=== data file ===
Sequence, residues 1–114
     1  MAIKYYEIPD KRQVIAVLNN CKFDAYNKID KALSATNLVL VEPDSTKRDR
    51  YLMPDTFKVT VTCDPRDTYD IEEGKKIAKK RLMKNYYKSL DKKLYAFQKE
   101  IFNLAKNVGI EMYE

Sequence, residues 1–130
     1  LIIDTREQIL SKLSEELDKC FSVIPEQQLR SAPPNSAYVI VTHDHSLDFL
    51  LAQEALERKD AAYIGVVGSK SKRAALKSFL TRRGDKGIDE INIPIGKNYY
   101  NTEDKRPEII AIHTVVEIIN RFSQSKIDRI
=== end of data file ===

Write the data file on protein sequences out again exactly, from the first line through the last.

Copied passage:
Sequence, residues 1–114
     1  MAIKYYEIPD KRQVIAVLNN CKFDAYNKID KALSATNLVL VEPDSTKRDR
    51  YLMPDTFKVT VTCDPRDTYD IEEGKKIAKK RLMKNYYKSL DKKLYAFQKE
   101  IFNLAKNVGI EMYE

Sequence, residues 1–130
     1  LIIDTREQIL SKLSEELDKC FSVIPEQQLR SAPPNSAYVI VTHDHSLDFL
    51  LAQEALERKD AAYIGVVGSK SKRAALKSFL TRRGDKGIDE INIPIGKNYY
   101  NTEDKRPEII AIHTVVEIIN RFSQSKIDRI